Pakistan batsman Umar Akmal has said he is keen to move up the batting order and will work towards convincing the team management about his promotion in the national side.

"I feel that No. 4 is ideal for me and I am trying to do well lower down the order with a view to maybe being promoted up the batting order," Akmal, who currently bats at No. 6 both in Tests and ODIs, told "But I need to win over the captain, coach and management, and convince them that I am responsible enough to bat at No. 4. However, I'm grateful that I am in the team and would bat at whatever position the team requires."

Akmal, who has made 988 runs in 15 Tests, at an average of 36.59, said he was focussing on becoming a better Test batsman. "Test cricket is where I really want to make my name and that format in which I feel I can achieve the most," he said. "I am still learning the game, but I feel I can definitely make great strides in this format and prove to everyone that I have the skill and temperament to play five-day cricket."

To do this, Akmal is aware he will have to curb his penchant for throwing away solid starts. In the recently-concluded Test series in the West Indies, he got past 30 in all four innings he played, but managed to cross 50 just once making 56.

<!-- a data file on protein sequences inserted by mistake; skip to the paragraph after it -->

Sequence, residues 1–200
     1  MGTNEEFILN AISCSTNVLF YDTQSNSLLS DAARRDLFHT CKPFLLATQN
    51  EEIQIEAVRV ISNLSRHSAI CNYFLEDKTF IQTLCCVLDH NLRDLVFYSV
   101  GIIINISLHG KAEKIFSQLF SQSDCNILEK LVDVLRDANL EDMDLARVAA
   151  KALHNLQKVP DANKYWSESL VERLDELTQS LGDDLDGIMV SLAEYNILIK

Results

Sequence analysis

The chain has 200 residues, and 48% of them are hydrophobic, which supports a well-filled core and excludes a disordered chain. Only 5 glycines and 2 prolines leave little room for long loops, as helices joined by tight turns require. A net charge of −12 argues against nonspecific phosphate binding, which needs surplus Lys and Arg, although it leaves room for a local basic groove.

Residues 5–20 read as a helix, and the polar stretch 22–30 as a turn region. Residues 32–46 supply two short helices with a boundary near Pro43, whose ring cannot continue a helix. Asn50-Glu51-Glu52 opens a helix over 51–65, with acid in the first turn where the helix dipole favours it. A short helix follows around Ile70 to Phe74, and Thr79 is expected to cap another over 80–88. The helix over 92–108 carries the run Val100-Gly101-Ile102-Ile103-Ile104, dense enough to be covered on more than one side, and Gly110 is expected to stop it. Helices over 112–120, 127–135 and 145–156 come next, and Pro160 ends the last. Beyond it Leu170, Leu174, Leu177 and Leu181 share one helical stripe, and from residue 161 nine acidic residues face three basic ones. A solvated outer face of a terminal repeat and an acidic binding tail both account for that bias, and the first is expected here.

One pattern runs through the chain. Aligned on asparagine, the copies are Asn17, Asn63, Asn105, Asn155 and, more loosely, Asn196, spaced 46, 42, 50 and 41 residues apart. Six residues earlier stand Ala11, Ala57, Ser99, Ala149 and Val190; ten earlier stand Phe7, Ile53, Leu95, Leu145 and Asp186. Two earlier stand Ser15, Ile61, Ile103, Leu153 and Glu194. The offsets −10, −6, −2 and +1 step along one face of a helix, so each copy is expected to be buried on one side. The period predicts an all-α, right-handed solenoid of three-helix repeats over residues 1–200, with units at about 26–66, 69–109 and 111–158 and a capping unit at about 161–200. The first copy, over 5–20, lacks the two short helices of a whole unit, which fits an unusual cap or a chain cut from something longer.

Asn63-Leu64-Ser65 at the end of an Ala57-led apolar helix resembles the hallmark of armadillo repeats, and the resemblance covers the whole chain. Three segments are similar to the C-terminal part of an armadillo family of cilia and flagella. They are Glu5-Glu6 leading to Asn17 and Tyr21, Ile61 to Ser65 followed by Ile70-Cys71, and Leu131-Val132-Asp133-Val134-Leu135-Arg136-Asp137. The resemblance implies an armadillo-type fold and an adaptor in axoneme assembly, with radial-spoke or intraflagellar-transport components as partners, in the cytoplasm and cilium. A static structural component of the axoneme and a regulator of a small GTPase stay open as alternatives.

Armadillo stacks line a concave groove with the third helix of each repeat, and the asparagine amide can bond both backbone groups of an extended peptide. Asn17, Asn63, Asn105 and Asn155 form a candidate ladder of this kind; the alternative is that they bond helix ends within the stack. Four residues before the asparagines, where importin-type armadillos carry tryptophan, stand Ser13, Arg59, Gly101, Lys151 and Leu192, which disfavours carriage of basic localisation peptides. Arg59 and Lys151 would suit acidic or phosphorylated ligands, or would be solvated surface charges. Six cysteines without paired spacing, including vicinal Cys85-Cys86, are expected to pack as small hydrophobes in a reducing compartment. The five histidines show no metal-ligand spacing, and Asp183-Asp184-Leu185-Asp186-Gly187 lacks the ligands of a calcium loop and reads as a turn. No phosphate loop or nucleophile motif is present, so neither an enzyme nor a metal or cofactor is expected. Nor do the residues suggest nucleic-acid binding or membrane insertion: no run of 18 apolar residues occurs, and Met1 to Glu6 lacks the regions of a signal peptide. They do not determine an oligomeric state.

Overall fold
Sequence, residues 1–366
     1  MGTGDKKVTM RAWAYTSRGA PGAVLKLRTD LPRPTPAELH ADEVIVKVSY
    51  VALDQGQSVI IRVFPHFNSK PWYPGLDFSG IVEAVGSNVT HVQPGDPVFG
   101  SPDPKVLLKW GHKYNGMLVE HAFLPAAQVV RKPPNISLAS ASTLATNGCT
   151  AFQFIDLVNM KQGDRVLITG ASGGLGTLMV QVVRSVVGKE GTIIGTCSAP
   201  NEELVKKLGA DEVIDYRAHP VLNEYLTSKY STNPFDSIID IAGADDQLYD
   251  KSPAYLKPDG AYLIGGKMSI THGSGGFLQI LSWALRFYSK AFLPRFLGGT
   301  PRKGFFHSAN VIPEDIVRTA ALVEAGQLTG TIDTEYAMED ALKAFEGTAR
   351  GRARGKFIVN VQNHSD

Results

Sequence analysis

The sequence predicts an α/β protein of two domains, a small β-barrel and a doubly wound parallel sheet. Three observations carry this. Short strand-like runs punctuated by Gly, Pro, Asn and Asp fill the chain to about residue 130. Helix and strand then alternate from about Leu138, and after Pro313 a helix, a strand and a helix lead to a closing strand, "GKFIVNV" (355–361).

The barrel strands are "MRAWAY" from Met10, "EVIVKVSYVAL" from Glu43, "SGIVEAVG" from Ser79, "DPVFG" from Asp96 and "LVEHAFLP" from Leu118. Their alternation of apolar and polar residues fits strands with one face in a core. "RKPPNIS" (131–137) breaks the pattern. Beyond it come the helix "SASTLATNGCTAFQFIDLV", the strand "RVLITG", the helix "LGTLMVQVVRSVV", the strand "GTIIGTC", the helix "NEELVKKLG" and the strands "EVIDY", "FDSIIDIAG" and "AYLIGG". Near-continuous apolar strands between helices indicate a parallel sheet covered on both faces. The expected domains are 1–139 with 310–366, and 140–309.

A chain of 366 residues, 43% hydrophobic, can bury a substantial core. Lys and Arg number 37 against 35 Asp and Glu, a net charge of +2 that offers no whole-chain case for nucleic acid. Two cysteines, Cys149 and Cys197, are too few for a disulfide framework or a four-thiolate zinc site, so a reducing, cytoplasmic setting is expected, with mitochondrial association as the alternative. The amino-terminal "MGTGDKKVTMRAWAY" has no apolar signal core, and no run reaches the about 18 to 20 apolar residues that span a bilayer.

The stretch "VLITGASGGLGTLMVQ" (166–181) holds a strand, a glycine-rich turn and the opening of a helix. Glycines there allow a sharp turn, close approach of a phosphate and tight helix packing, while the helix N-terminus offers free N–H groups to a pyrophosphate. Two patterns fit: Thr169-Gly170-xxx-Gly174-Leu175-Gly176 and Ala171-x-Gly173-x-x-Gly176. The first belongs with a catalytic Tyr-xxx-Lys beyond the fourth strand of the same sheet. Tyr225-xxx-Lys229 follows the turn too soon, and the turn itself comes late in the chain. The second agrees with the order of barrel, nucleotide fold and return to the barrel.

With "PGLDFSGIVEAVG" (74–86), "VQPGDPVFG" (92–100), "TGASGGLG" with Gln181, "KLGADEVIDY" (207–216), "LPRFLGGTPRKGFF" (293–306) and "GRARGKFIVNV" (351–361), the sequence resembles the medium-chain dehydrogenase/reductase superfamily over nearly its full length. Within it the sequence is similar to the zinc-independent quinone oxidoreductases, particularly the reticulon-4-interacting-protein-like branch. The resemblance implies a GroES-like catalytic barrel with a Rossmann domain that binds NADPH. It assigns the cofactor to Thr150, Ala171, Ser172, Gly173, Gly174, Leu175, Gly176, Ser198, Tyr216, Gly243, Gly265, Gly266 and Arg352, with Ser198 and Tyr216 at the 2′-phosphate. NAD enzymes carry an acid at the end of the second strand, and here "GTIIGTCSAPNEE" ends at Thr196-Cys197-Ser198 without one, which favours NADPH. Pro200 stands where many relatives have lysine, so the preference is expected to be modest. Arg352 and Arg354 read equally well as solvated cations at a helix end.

He admitted recklessness has no place in the format. "Test cricket has changed over the years and scoring rates are much quicker, matches are finishing quicker, but that does not mean that a reckless approach is necessary.

"My approach will always be positive and if I see a bad ball I will always try to hit it to the boundary, but my main objective is to bat according to the team's requirement at that time. Nobody feels worse than I do when I play an irresponsible shot. Walking back to the pavilion is hard enough after playing a poor shot, but then having to sit there and thinking about the shot you have just played is really tough, especially when the wicket is a good batting track."

Though he looked to be striking the ball well, Akmal did not make much of a contribution with the bat in the West Indies, apart from the solitary half-century in the Tests. His top score in the limited-overs leg was 41 in the one-off Twenty20 game at Gros Islet. Akmal said he felt the tour could have gone better for him. "I'm not entirely satisfied with my performance in the Caribbean, but then again not totally unhappy with it. It was an average tour but I need to move on and look ahead to the future."